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I have a Palit Nvidia GTX-460 PCie card.

Half the time it is a little noisy. A light rattle and a light squeak.

I have taken it out and have made the following observations.

The fan is not hitting anything. 
There is no dust.

I took the sticker label off the place where the fan is and

I see coffee type grounds.

I am not sure if the coffee type grounds are meant to be there.

I am wondering what I can do to reduce the noise.

Here are some pictures. enter image description here

Here is a close up showing the coffee grounds type stuff. enter image description here

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Ack! That looks like rust to me. How old is this card? What kind of history has it had? –  David Schwartz May 8 '12 at 2:49
    
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I am so sorry I clicked on that link. Suffice it to say the applications for using coffee grounds as a lubricant do not include fans on graphics cards. –  David Schwartz May 8 '12 at 2:54
    
Try reading the patent application in the first link. –  Ignacio Vazquez-Abrams May 8 '12 at 2:56
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One thing coffee grounds have is a very distinct odor. I mean, they might look like coffee grounds, and they might be coffee grounds, but only @Valamas can get his nose in there and tell us if they are or are not coffee grounds. –  Bon Gart May 8 '12 at 3:22

1 Answer 1

up vote 3 down vote accepted

The fan bearings are shot.
I speculate that the substance your observing there is copper alloys (brass) or copper, oxidised some, and possibly even other metals like the shaft metals or other bearing metals, as it falls apart more inside and grinds and even more stuff flys off.

Some fans are all "sleeve" bearing style, like many car alternators, and water pumps. A sleeve bearing uses a smooth hard shaft and softer sheath that the shaft turns in, the softer metal sheath is usually alloys of coppers (brass). (or just looks coperish because I do not run elemental analisis :-)

A sleeve bearing fan should be lubricated, and some DO have various "permanent" classed, but semipermanent reality lubrication systems, like a felt that might hold oils that move via capillary flow styles. so It is also possible that some of the contents you might observe on a motor with failings this badly would have parts of the lubrications system in it, or even particals of lubrication itself that might use PTFEs or Teflon and other lubrication "enhancer" things.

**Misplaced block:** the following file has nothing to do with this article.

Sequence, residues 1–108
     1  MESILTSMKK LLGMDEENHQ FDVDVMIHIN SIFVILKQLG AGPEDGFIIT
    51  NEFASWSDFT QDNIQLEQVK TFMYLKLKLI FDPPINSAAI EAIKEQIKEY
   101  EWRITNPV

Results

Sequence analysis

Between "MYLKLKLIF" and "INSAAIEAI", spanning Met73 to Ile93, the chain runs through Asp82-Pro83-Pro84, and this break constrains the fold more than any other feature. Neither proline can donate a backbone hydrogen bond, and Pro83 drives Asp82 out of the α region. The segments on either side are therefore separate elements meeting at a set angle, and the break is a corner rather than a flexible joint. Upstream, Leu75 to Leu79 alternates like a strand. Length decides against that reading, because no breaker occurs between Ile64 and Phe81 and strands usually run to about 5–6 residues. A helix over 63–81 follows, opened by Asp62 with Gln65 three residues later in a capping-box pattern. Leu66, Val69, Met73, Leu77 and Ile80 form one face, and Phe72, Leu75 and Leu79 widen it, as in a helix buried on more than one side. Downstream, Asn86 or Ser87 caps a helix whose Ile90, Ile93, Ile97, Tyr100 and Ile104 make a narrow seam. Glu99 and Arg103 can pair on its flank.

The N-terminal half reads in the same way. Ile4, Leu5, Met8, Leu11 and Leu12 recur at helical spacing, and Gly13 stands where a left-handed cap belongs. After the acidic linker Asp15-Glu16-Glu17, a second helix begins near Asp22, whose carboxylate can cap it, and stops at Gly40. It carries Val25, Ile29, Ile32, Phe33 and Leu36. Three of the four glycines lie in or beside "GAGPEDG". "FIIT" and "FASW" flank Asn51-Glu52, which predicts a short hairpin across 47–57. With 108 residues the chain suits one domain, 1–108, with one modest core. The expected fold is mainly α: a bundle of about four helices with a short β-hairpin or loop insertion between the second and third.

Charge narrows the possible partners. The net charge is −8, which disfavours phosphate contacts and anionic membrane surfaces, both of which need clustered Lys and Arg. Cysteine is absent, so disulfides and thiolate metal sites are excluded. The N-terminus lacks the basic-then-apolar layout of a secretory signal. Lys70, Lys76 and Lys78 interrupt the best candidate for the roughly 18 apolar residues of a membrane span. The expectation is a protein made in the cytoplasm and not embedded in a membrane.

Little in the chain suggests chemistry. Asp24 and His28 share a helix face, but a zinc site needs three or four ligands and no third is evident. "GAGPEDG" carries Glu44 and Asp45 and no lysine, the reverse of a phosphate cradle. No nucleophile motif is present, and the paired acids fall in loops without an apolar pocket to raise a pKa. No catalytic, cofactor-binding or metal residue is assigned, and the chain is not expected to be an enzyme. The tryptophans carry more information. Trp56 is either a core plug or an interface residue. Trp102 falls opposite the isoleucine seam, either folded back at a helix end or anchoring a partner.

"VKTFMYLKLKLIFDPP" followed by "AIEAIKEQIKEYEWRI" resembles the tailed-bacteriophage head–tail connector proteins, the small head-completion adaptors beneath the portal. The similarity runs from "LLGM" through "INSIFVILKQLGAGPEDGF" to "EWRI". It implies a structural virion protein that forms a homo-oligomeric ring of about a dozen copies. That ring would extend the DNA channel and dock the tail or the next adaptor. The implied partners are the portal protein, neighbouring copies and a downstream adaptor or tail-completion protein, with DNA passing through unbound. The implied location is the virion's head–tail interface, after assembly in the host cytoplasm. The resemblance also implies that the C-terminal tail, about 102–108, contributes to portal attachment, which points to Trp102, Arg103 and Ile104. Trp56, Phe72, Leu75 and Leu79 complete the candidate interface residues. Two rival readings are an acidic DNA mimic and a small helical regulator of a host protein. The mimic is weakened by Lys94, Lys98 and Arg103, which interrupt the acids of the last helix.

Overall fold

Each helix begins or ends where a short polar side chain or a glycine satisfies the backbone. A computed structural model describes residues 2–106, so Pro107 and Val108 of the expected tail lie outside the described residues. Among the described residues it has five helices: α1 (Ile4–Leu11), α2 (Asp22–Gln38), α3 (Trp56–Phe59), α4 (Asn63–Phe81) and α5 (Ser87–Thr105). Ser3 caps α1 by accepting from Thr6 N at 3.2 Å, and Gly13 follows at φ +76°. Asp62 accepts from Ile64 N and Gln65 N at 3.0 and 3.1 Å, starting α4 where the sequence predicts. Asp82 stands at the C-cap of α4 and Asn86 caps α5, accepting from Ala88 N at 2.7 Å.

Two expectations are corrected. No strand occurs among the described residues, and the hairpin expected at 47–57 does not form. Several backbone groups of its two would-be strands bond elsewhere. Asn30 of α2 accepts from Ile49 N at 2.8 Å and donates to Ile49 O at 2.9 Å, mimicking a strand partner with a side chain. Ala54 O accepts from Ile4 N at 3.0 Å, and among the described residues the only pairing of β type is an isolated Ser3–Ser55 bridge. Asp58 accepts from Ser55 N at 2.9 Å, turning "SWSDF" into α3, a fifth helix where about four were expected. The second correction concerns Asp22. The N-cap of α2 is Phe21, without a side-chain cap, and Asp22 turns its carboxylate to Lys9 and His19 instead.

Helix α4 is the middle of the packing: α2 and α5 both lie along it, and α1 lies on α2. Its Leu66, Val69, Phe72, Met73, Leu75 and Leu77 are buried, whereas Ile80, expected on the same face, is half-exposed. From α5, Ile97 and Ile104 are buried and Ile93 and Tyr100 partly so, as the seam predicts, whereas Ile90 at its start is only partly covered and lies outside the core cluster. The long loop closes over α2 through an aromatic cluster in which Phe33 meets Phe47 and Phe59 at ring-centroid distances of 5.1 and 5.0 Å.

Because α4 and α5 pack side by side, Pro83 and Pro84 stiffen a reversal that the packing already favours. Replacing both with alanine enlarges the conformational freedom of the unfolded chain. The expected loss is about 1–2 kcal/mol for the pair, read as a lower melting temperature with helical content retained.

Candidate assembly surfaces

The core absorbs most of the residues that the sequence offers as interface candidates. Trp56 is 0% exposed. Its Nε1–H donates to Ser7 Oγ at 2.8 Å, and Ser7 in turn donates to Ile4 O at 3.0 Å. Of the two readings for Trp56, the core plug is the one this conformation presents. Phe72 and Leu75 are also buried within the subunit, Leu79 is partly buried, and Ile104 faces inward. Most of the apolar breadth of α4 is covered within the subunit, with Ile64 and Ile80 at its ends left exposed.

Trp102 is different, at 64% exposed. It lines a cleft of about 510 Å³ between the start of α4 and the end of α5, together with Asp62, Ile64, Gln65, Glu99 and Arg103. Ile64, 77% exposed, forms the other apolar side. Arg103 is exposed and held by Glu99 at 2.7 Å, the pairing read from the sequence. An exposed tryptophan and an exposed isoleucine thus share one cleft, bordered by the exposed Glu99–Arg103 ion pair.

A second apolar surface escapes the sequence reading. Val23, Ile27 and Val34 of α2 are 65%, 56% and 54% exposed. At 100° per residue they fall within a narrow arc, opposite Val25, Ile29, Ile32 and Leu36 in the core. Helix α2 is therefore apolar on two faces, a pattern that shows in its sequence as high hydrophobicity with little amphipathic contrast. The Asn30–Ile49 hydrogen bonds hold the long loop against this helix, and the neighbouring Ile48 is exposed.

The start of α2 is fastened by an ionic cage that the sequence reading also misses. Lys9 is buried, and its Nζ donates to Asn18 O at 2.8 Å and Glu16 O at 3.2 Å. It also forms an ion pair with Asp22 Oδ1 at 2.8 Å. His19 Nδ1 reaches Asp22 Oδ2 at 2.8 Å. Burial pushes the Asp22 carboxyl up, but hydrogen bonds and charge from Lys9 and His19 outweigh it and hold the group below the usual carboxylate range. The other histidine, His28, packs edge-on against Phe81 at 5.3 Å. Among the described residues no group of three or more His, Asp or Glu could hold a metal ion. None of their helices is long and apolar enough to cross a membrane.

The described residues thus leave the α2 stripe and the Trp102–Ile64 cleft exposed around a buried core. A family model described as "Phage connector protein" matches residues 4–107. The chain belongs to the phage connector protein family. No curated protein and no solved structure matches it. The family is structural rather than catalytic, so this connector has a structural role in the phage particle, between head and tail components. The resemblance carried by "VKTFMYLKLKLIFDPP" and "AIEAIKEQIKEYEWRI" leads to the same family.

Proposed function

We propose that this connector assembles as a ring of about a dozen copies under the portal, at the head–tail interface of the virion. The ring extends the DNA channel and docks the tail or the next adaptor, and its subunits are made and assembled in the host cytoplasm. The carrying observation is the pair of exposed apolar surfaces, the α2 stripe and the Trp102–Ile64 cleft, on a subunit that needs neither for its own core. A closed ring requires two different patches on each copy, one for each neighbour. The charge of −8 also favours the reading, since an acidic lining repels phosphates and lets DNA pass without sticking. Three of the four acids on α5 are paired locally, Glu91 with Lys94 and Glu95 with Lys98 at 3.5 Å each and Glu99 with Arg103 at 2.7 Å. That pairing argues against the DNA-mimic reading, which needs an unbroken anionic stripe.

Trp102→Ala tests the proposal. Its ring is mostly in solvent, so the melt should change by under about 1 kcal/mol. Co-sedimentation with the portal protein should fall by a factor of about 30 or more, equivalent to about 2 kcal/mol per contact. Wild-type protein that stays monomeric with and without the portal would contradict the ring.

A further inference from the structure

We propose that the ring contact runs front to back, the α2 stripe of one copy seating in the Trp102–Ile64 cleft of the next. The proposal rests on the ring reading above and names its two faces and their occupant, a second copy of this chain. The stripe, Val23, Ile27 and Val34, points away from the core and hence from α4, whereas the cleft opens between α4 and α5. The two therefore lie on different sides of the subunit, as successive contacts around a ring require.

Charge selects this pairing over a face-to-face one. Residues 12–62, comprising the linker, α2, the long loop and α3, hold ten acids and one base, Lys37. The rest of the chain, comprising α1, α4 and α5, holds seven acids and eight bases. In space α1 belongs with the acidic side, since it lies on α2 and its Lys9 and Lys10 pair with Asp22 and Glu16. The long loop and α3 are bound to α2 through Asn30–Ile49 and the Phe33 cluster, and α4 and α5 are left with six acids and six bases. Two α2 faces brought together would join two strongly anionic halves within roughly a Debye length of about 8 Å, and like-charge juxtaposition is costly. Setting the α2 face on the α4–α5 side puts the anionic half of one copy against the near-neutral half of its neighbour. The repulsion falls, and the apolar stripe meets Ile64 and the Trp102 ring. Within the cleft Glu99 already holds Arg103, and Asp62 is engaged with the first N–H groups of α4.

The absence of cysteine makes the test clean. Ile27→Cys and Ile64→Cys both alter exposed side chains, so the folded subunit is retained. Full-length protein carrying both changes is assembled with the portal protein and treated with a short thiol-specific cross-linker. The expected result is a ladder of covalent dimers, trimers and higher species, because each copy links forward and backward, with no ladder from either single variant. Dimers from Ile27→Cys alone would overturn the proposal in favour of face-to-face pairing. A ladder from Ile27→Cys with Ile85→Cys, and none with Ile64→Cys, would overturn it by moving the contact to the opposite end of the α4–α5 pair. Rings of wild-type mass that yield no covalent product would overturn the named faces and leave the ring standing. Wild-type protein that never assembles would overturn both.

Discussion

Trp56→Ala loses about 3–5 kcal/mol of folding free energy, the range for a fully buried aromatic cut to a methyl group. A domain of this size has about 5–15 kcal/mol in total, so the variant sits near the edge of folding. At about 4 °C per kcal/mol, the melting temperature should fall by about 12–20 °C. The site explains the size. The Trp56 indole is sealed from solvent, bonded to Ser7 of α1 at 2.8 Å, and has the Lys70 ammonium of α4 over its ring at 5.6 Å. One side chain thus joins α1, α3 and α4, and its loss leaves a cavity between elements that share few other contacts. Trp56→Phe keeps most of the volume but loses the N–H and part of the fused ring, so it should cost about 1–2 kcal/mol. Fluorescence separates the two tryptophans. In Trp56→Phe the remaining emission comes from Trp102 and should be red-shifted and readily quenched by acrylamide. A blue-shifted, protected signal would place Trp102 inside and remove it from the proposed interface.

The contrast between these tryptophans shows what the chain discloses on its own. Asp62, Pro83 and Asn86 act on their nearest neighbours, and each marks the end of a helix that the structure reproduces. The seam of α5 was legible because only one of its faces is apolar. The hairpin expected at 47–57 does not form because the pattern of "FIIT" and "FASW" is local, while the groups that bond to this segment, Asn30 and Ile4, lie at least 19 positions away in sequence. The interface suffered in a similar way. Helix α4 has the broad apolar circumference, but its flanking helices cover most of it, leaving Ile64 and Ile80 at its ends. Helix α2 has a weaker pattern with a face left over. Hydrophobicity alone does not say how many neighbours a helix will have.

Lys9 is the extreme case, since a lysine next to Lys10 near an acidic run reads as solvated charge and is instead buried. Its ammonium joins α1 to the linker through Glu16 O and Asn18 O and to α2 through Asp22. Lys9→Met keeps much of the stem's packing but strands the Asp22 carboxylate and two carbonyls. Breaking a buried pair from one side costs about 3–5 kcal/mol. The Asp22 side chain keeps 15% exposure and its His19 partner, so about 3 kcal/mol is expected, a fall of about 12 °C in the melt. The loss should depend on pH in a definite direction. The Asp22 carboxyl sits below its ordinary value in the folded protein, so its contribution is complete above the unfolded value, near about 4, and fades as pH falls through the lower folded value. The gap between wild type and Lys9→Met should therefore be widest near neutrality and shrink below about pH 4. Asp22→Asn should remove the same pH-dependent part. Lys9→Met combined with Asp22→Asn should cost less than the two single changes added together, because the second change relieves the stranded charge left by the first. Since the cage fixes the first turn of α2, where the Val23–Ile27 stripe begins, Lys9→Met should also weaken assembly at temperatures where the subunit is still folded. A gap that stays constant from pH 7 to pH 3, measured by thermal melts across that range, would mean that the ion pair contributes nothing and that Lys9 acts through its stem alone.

If via heat (high friction) and vibrations the bearing or sleeve is no longer being held in place, it could be spinning , and grinding stuff out of the mount even, like hard plastics. (I donno, just blabing)

Get out of it.
Try and get dual ball fans whenever possible, after 15+ years of experience with real ball bearing fans, I can confirm they work better, are quieter, and last longer.

Sleeve bearing fans (and other sleeve bearing motors) have a specific limited lifetime, and generally would want to be replaced as soon as they start making noise, lubricating them late or trying to save them is a waste of effort.

There are also "ball bearing" fans that have sleeve bearings in them (1ball) the ball bearing is in the most nesssisary location where pressure is high, and the sleeve is hanging out on the far end of the shaft where there is not as much pressure, just the tail of the shaft so to speak.

There are also labeled Dual ball bearing fans you take apart and it was just fraud. I would also assume that various incorrect substitutions for the soft metals might exist, which could be way cheaper and a total disaster.

It is also entirely possible for a dual ball to lose a few balls :-) to come apart, to cause some of the same noises , to turn into a metal grinding machine, and they are also supposed to be lubricated, and have a specific lifetime also, just much longer and generally were more reliable.

The majority of fans that I have acquired in a product, video cards, cases, towers, Cpu coolers, have used the cheap sleeve bearing fans, I now replace them immediately , without even thinking about it anymore.

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wow, great answer. I am now going to try something like this out. youtube.com/watch?v=EPrN3ZFArlM –  Valamas May 8 '12 at 4:57
    
@Valamas inspired by your great pictures. –  Psycogeek May 8 '12 at 5:21
    
thank you. I took many closeups before choosing one which would display well online. i think replacing the fan will give me what i need. 1. Not needing to buy a new video card and 2, a quiet computer. With all this coffee talk; I am now tempted to put a pot on. –  Valamas May 8 '12 at 5:52
    
ahh the sound of silence. Disconnected the fan cable. It is winter down here in Aus. Not playing games or video and hardware monitor is saying 41C. Should have a new fan running in the slot next door this week. –  Valamas May 8 '12 at 21:53

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